When the war was lost, the US Army recorded 8,612 aircraft destroyed and 4,868 helicopters destroyed, worth around 12 billion dollars at the time. The munitions consumed amounted to up to 42 billion dollars. The army consumed one million barrels of oil and gas in a single day, which ultimately triggered the oil crisis of 1973. At the beginning of the war in 1966, the US government spent twice as much on the Vietnam War as it did on social reform programs. By 1968, the cost of the war had risen to 80.5 billion dollars (today’s value USD 548 billion) and caused inflation to rise from 2.7% to 4%. In March 1968, there was a crisis on the gold market.

Total cost of the war with consequential costs approx. 500 billion US dollars. Today’s value approx. 2.3 trillion US dollars. Germany’s gross domestic product is around 3.8 trillion US dollars a year.

In his book “Vietnam – The Trauma of a World Power”, Robert Strange McNamara, who was Secretary of Defense of the United States of America from 1961 to 1968, admits the following:
“The Vietnam War was a terrible mistake. We were terribly wrong. At no time did American spraying lead to any real and lasting security for South Vietnam. The perceived North Vietnamese threat at the time was completely overstated during the Cold War.”

The inconceivable thing is that the USA still refuses to pay any reparations or compensation to the Vietnamese people. In 2007, the USA granted a paltry 400,000 dollars for the first time to clean up dioxin residues in the city of Danang. US President Barack Obama doubled the aid from three to six million dollars. However, US courts rejected claims for compensation by Vietnamese people suffering from cancer. This is undoubtedly because America would probably go bankrupt if it had to pay its debts.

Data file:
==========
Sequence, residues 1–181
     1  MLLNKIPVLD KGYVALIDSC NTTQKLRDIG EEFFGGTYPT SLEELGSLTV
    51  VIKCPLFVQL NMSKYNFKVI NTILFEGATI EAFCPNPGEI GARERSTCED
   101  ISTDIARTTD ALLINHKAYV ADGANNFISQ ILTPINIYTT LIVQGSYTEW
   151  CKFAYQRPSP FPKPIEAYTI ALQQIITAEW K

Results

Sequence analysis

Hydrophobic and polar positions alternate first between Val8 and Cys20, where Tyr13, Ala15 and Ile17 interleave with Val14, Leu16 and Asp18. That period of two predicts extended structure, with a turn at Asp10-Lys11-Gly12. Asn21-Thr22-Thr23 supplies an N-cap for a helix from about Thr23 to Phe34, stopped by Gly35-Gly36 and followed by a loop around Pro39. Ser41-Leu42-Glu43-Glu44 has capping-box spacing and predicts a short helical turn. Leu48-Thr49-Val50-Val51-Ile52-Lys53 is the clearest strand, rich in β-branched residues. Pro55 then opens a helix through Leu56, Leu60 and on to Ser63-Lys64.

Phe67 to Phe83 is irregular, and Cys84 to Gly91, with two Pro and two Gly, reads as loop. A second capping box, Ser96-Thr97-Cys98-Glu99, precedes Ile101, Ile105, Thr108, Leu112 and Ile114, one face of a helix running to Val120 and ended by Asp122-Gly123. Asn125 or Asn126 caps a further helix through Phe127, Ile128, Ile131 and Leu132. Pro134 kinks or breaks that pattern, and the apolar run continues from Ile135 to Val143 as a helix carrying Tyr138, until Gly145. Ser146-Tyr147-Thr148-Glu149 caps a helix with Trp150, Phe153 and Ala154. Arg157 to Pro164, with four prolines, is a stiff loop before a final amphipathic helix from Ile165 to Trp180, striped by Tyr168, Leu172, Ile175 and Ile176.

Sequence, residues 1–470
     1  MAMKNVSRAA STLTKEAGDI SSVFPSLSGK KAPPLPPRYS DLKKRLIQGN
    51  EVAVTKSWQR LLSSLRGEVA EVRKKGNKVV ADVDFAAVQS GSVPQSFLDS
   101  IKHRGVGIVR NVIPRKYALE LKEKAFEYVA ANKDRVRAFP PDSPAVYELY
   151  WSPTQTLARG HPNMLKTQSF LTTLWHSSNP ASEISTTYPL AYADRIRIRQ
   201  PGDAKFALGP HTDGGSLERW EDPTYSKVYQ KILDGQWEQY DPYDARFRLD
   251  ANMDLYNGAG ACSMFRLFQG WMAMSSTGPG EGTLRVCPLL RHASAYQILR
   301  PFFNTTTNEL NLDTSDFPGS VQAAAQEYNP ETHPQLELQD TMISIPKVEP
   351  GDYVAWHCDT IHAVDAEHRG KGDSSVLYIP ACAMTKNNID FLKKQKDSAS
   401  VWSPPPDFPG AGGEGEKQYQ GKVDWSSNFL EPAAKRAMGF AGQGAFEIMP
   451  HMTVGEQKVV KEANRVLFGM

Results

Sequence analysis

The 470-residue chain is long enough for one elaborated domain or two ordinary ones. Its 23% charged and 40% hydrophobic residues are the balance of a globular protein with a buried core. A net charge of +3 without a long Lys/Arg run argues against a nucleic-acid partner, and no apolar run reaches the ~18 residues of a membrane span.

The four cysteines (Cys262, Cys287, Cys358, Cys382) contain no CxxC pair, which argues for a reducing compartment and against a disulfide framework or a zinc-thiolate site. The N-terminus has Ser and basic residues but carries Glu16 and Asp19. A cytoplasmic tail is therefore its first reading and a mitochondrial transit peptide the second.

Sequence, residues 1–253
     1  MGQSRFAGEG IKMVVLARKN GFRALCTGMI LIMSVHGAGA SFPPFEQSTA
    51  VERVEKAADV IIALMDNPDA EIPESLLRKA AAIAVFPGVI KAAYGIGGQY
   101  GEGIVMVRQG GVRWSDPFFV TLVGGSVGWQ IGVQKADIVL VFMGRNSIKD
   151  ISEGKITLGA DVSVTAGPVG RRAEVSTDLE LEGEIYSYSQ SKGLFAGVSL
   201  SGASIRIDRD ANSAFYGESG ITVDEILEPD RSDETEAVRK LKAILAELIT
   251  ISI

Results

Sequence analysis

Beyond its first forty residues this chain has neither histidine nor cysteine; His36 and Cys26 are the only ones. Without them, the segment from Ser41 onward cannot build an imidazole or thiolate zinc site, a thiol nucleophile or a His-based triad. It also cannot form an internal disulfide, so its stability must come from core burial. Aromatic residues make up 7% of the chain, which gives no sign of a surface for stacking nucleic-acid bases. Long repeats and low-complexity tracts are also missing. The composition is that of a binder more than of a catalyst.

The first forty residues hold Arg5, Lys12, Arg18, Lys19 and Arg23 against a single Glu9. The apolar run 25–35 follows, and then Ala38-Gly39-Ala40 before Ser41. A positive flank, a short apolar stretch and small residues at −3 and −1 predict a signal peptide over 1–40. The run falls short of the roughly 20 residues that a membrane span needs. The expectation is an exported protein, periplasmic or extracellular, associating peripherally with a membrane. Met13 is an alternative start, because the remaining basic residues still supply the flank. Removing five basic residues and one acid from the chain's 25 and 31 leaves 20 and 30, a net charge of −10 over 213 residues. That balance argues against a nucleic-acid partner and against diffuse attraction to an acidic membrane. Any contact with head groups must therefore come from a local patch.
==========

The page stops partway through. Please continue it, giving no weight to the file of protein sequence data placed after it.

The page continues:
I thought long and hard about whether I should write anything at all about this sad part of the country’s history in my notes. However, my generation is directly connected to the Vietnam War and whenever I heard about this Southeast Asian country, I thought of this terrible war. When I look out of the window of our eagle’s nest now, I see a peaceful, beautiful mountain world that is visited by tourists from all over the world. On the surface, nothing reminds us of the atrocities and many of the visitors were born after the war. And yet I think it’s important to remember what we humans are capable of. Even if it only contributes a minimal fraction to reminding us how important it is to nip emerging conflicts in the bud. There are currently 22 wars and 424 political conflicts on our planet. We must never forget that everything starts small and can end in a major war if we are not careful. At least that’s what the history of mankind has shown us…


If you would like to find out more about our adventures, you can find our books under this link.

The live coverage is supported by the companies Gesat GmbH: and roda computer GmbH The satellite telephone Explorer 300 from Gesat and the rugged notebook Pegasus RP9 from Roda are the pillars of the transmission.

This site is registered on as a development site.